|New Mexico Farm and Livestock Bureau , et. al. v. U.S. Dep't of Interior, et. al.||952 F.3d 1216 (10th Cir. 2020)||The U.S. Fish and Wildlife Service ("Service") designated 764,207 acres in New Mexico and Arizona as critical habitat for the jaguar pursuant to the Endangered Species Act. The area was divided into six individual units. Units 5 and 6 were the ones at issue. Plaintiffs filed suit contending that the Service’s designation of Units 5 and 6 as critical habitat was arbitrary and capricious. The district court ruled in favor of the Service and this appeal followed. There was no concrete evidence that jaguars were present in Units 5 and 6 at any time before 1995. The Service’s reliance on sightings in 1995, 1996, and 2006 to support a conclusion of occupation in 1972 was not based on expert opinion. It was purely speculative. The Court agreed with the Plaintiffs that the Service’s designation of Units 5 and 6 as occupied critical habitat was arbitrary and capricious. The Court further found that in order for an unoccupied area to be designated as a critical habitat, the Service must first find that the designation of the occupied areas is inadequate to ensure conservation of the species. The Service addressed all units together, finding that to the extent they were occupied, they were essential for the conservation of the species. The Court ultimately found that the Service did not follow its own regulations or give a rational explanation for failing to do so and as a result, its designation of Units 5 an 6 as critical habitat was arbitrary and capricious. The decision of the district court was reversed and remanded.|
|Zeid v. Pearce||953 S.W.2d 368 (Tex.App.-El Paso, 1997)||
Richard and Susan Zeid appeal from the trial court's order dismissing their lawsuit against Dr. William Pearce, d/b/a Coronado Animal Clinic, for veterinary malpractice after the dog suffered from allergic reactions resulting from alleged negligent vaccinations. The court observed that, in Texas, the recovery for the death of a dog is the dog's market value, if any, or some special or pecuniary value to the owner that may be ascertained by reference to the dog's usefulness or services. Consequently, the court found this longstanding Texas rule to be inconsistent with the Zeids' claim for pain and suffering and mental anguish. Because the Zeids did not plead for damages for the loss of their dog that are recoverable in Texas, the trial court did not err in sustaining Dr. Pearce's special exception and dismissing their cause of action.
|Hoffa v. Bimes||954 A.2d 1241 (Pa.Super.,2008)||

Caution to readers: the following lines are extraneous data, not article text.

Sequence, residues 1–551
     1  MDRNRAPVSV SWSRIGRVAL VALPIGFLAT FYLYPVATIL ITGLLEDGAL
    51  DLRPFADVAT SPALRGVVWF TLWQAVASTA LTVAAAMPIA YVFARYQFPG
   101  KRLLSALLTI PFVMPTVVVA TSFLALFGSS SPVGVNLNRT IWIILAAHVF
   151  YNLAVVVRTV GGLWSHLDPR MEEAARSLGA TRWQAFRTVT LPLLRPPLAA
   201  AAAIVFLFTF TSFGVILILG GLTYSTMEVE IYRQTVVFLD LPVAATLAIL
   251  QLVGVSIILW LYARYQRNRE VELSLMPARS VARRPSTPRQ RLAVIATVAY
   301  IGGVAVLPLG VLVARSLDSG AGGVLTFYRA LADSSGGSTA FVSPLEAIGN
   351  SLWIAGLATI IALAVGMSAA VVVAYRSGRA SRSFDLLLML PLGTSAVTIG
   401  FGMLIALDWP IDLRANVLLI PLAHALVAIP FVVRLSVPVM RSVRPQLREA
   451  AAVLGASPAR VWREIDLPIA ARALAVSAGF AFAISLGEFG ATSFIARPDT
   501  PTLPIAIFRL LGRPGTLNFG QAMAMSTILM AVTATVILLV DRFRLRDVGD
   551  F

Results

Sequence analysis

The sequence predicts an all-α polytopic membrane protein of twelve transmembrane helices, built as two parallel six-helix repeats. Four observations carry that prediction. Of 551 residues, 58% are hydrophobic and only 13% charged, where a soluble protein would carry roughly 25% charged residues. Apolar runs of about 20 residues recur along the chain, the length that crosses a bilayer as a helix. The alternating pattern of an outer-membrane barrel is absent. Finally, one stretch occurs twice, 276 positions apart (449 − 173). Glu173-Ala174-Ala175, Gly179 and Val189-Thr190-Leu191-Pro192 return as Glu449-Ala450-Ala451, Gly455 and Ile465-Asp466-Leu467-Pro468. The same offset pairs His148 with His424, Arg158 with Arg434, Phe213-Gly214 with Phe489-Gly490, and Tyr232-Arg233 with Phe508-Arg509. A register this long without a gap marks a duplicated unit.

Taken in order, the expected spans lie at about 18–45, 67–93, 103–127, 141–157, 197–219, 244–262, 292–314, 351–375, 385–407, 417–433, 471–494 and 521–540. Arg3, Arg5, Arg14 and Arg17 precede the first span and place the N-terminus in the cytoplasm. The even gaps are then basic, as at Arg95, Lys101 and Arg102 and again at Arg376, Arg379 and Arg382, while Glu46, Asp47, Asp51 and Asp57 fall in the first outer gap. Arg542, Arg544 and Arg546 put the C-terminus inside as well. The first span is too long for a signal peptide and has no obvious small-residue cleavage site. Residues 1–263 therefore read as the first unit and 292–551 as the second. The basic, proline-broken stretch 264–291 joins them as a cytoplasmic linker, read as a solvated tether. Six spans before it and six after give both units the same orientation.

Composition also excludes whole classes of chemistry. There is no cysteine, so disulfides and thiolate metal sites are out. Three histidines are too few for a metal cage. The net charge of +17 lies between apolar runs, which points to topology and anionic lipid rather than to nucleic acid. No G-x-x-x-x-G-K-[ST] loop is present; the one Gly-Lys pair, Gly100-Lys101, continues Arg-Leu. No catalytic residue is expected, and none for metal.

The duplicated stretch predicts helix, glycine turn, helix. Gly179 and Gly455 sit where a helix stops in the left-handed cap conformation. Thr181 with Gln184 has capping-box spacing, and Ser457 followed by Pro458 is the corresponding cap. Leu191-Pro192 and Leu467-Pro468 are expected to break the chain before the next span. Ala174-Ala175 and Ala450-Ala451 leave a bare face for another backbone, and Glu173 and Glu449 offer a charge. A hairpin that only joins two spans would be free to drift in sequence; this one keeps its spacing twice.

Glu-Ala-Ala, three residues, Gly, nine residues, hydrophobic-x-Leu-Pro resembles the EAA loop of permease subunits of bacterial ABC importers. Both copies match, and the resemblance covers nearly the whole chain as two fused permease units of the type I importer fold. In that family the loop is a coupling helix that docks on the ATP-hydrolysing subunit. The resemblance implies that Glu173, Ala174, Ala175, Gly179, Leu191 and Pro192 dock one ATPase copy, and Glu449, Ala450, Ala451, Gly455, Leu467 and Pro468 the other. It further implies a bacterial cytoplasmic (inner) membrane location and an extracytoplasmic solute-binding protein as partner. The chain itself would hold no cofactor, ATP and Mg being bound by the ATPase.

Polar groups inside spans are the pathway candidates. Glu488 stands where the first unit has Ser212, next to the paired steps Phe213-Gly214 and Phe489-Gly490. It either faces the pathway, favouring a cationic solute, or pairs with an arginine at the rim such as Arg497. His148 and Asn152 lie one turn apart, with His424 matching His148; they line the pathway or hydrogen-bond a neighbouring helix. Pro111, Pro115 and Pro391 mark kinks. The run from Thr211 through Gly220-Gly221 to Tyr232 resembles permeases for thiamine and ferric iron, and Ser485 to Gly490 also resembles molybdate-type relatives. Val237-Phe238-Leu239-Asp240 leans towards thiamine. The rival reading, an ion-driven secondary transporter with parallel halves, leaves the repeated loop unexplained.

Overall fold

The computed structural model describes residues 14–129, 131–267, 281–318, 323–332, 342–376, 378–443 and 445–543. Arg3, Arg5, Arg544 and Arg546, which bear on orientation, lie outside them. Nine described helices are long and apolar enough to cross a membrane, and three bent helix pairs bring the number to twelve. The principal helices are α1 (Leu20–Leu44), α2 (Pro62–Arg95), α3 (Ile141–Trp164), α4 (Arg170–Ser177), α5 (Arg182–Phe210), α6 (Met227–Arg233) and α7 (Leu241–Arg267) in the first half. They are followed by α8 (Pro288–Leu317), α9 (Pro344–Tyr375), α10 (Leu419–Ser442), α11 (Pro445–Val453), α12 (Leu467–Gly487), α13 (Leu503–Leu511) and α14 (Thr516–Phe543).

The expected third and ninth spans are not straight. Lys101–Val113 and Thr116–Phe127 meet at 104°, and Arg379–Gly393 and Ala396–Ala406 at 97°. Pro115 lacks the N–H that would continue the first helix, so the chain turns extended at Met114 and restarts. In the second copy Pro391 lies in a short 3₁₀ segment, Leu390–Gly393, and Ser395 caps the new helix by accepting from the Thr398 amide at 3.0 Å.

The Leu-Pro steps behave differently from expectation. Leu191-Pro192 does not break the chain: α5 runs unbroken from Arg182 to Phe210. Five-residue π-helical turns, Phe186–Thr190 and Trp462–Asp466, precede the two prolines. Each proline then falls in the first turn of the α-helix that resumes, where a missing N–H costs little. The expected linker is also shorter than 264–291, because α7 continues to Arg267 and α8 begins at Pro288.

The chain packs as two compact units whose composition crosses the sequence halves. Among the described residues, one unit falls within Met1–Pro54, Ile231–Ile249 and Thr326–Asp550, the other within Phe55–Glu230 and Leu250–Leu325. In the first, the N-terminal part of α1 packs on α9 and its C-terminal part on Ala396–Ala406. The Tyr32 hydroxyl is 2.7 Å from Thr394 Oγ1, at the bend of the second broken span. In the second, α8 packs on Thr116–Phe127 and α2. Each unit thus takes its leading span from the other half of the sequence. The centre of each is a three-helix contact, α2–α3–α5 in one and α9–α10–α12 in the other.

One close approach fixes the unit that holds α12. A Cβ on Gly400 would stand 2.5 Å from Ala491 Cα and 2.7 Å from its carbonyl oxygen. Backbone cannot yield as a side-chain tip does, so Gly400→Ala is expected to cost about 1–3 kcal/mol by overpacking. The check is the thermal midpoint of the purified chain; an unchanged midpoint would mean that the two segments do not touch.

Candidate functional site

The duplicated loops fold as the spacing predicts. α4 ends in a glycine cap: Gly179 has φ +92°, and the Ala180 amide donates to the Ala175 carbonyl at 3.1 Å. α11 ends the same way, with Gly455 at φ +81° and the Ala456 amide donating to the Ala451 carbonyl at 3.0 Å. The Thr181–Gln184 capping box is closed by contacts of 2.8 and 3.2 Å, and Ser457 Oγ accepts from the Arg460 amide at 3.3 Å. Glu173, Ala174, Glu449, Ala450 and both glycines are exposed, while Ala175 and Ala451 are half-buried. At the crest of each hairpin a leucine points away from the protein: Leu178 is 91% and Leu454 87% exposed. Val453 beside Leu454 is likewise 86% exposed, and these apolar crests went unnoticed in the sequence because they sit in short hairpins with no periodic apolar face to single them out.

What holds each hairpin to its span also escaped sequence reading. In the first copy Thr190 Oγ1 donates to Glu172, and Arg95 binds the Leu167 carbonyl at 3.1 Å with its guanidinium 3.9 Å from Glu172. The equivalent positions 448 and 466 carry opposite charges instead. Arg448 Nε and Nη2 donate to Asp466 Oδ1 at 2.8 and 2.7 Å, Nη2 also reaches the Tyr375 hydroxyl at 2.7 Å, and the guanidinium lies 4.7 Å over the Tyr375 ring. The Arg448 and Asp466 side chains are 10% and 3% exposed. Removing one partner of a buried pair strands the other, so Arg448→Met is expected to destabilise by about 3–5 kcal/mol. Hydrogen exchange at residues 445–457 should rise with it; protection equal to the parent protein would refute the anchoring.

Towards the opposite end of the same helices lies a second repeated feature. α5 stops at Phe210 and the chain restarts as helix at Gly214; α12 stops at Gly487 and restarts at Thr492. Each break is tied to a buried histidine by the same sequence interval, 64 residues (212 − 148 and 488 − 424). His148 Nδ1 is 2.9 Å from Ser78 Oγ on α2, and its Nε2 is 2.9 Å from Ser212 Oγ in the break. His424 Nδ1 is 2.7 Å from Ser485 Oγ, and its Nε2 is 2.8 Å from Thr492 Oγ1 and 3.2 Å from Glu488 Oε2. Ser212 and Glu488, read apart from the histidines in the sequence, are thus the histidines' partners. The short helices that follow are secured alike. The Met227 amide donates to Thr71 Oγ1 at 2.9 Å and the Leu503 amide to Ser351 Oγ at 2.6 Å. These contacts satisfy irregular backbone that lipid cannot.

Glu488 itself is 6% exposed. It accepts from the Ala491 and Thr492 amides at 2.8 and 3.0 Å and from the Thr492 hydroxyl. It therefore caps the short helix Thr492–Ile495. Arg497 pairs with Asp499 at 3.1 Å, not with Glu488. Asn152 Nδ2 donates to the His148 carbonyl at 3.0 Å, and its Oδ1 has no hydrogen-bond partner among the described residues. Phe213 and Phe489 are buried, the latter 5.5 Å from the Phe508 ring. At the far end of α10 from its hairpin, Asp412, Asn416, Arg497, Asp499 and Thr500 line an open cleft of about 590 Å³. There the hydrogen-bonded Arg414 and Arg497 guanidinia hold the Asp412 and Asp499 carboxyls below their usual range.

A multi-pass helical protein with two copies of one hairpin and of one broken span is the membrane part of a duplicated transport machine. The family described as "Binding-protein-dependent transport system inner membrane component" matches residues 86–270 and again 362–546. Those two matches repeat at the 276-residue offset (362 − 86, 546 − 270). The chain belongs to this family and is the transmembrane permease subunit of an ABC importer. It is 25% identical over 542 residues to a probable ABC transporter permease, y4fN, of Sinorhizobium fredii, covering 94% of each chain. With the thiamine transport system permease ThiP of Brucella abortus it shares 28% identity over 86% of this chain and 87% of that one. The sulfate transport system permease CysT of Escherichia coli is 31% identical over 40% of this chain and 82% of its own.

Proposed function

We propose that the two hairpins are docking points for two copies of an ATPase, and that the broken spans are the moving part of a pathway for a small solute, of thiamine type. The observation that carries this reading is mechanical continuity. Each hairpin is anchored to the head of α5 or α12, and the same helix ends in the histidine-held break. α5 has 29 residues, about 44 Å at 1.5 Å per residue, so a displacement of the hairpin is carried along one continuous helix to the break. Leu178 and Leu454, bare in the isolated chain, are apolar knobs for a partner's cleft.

This case arises from the treatment of plaintiff's horse by the defendant-veterinarian. This appeal arises from plaintiff's claim that the trial court erred in granting a compulsory non-suit in favor of defendant finding that the Veterinary Immunity Act bars claims against veterinarians except those based upon gross negligence. This court agreed with the lower court that defendant was confronted with an emergency medical condition such as to fall under the protections of the Act. Further, this court held that the trial court committed no error in concluding that plaintiff's consent was not required before the veterinarian performed the abdominal tap because that procedure was rendered under an 'emergency situation.'
|New Jersey Soc. for Prevention of Cruelty to Animals v. New Jersey Dept. of Agriculture||955 A.2d 886 (N.J.,2008)||
The issue in the case was whether the regulations promulgated by the NJDA pursuant to this authority were invalid for failing to comply with the “humane” standards requirement. Although the court held that the regulations in their entirety were not invalid, the court found that NJDA acted arbitrarily and capriciously in enacting its regulations by allowing all “routine husbandry practices,” as there was no evidence that those practices were “humane.” The court further rejected NJDA regulations allowing cattle tail docking, finding no evidence to support that the practices were “humane.” Finally, the court rejected the assertion of NJDA that certain controversial farm practices, such as castration, de-beaking, and toe-trimming, are “humane” if they are performed by a “knowledgeable individual” “in a way to minimize pain.”
|People v. Land||955 N.E.2d 538 (Ill.App. 1 Dist., 2011)||
In 2009, Jenell Land was found guilty by jury of aggravated cruelty to a companion animal, a Class 4 felony under Illinois’ Humane Care for Animals Act. Specifically, Land placed a towing chain around the neck of her pit bull, which caused a large, gaping hole to form in the dog’s neck (the dog was later euthanized). The Appellate Court of Illinois affirmed the defendant’s conviction and, in so doing, rejected each of Land’s four substantive arguments on appeal. Among the arguments raised, the appellate court found that the trial court’s failure to instruct the jury that the State had to prove a specific intent by Land to injure her dog did not rise to the level of "plain error."
|Rupert v. Director, U.S. Fish and Wildlife Service||957 F.2d 32 (1st Cir. 1992)||